So far, so good, but then somebody adds that SR is now in "contradiction". If SR is true, he says, then even for the observer a , who is now supposed to move with the speed v = v R wrt w , the light’s speed should always be a constant equal to c, and then, from a ’s point of view, no effect should be predicted at all. In other words, SR would predict a k > 1 effect for w , but a k = 1 effect for a , which would indeed be a patent contradiction.
Of course, the previous argument is wrong, since a is not an inertial observer in M, and what would be the "light’s speed" for a is matter to be wholly decided with carefully rigorous definitions and computations. But then, in order to avoid such complications, one gets further with naïve arguments, saying that, even if a is not an inertial observer, he would become such when R is "very large", and then the contradiction in SR would still hold. In order to put this argument in a more precise, and attractive, set-up, we go back to that value k, which is indeed a function of R and v . We can suppose to let R increase up on infinity, and to let v vary in such a way that the product v R is a constant v. At the limit, we would have the physical situation of a platform rotating "very slowly", and of an observer a which could not be considered other than an "inertial" one. This would, apparently!, imply that SR is forced to predict a limit for k equal to 1 (no effect), while k is actually defined, for each value of R!, as a constant, definitively different from 1!
The simple solution to this objection is that SR predicts
indeed even at the limit an effect which is given always by the same constant
k¹ 1, without any contradiction, and that
the misunderstanding simply arises from a non complete mastery of how in
SR one has to introduce general coordinate systems, and concepts like the
light’s speed in these ones. We shall give a sketch of the situation in
the next section, but we end the present one saying that if a
could indeed be locally seen as an inertial observer, the same thing
cannot be said globally; that is to say, the whole of C would definitively
remain outside any inertial (and then global) coordinate system, even approximately.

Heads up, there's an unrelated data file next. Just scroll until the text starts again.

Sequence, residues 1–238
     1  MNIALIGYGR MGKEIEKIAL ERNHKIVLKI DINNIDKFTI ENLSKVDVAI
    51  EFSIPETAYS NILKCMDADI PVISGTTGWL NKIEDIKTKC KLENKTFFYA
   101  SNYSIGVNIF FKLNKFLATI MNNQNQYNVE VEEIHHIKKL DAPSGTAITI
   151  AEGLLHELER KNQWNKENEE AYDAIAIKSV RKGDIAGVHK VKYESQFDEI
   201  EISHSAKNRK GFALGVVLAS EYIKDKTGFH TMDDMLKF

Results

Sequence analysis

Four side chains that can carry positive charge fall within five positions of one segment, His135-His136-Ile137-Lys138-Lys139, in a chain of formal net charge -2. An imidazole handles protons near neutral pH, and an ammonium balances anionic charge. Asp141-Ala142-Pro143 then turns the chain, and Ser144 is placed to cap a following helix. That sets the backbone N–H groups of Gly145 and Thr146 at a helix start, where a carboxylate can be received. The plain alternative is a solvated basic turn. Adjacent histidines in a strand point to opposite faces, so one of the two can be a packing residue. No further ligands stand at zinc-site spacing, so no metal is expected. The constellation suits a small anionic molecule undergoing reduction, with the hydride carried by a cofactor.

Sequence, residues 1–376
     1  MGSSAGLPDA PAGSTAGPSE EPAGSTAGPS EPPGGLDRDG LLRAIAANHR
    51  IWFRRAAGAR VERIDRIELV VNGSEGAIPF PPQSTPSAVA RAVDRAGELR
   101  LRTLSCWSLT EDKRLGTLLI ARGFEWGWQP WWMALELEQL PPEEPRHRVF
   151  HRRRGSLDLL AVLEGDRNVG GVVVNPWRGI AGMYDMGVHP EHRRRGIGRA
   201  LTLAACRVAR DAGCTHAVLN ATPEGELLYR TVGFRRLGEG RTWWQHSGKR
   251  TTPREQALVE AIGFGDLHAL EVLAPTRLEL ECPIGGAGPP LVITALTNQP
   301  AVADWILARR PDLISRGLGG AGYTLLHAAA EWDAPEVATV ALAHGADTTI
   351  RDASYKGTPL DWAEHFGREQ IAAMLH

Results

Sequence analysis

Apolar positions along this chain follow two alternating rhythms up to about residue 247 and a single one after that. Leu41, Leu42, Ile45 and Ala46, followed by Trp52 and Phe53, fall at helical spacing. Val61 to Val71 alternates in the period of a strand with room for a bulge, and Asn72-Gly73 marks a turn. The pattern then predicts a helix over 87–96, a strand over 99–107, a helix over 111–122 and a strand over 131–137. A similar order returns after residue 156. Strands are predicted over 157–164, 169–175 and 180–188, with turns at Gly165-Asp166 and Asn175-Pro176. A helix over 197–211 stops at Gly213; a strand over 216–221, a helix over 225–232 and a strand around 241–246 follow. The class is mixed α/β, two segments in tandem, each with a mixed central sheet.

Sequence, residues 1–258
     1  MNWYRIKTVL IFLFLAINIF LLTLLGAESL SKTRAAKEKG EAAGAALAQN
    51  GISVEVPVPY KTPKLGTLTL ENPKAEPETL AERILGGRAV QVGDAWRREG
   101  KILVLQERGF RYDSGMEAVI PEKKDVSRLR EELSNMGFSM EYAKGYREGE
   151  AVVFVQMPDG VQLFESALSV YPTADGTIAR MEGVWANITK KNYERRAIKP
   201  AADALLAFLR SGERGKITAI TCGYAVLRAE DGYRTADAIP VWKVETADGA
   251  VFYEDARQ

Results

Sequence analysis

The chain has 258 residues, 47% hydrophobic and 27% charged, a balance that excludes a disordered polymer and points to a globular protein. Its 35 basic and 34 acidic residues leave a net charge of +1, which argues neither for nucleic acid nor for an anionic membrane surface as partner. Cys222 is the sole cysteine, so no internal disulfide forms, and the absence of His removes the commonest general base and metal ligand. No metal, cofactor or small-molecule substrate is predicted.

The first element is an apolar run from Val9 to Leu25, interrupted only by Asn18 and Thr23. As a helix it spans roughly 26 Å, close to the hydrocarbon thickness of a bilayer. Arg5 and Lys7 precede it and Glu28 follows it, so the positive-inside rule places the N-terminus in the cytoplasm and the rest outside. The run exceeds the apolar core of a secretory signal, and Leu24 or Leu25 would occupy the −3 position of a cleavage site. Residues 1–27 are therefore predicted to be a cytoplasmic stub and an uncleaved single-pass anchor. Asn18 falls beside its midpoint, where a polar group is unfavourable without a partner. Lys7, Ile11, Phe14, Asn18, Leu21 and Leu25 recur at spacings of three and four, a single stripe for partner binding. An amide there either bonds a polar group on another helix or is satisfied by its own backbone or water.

Perhaps, it would be useful to remark that, if we think of the "observer"
as he was a "single man" lying on the platform, with his own clock, we
should distinctly realize that when this man is in one point p of the platform,
endowed with some vectorial velocity v wrt w
, then in this moment he belongs to an inertial system which is very different
from the inertial system to which the same man belongs when he is in the
antipodal point q of p, since in q he is endowed with the vectorial
velocity -v (always wrt w ). Claiming
that v and -v are "almost the same", is poor physics and
even worst mathematics, since it would simply mean that v is "almost
zero", which is indeed the only case of an "almost one" Sagnac effect!
Remark 3 - There seems
to be only one correct "limit argument" in this framework, which goes as
follows. Suppose beforehand that all P travels with an uniform motion wrt
, without any rotation, and call for instance
* the inertial system in which P is still (it is obvious that P would not
be any longer a "circular platform" wrt
if it is such wrt w *, just because of lenght’s
contraction). Then in w * there is no Sagnac
effect, and in force of the Principle of Special Relativity, there would
be no effect even in w , at least according
to SR. Suppose now to think of P placed in some "big" platform Q, say near
the border of Q, the centre of P far from the centre of Q, and at first
suppose that both P and Q are still wrt w .
In this case, you have no Sagnac effect at all on P. Then make just Q rotate,
dragging P "rigidly" with itself: there would be any Sagnac effect on P?
Yes, there would be one, and now it is true that, for a large value
of the radius of Q (and not of P!), in such a way that the speed v of the
border (namely, of P) is maintained constant, the limit of k is equal to
1; that is to say, the Sagnac effect will progressively reduce, until it
will vanish ("at the infinity")!
4 - The light’s speed for non-inertial observers
Now we come, as announced, to the sketch of the question (which is often misunderstood even by "orthodox physicists") of what is in SR the light’s speed (in "empty space"!) wrt to a non inertial observer - and let us point out that we shall often use the convention to put c = 1, namely to use geometrical unities. First of all, let us recall that by "observer", in a general space-time S, we must actually mean a future-pointing (smooth) curve a (t ) : I® S (I an open interval of the real line R), such that ds2(a ’) < 0 (one says that a is time-like). If ds2(a ’) = -1 for all t , then the parameter t is called a proper time of a (and a a normalized observer). Then, it must be clear that we cannot introduce any conception of "light’s speed" with respect just to a single observer. First of all, we need an observer field, namely a future-pointing unit (which really means -1) vector field X, whose integral curves would become "observers" (coordinatized by a proper time), according to the previous definition6. Then we must introduce, if it is possible, a coordinate system of S adapted to X, by which we mean, if X is defined on the open set U of S, a coordinate mapping of U such that: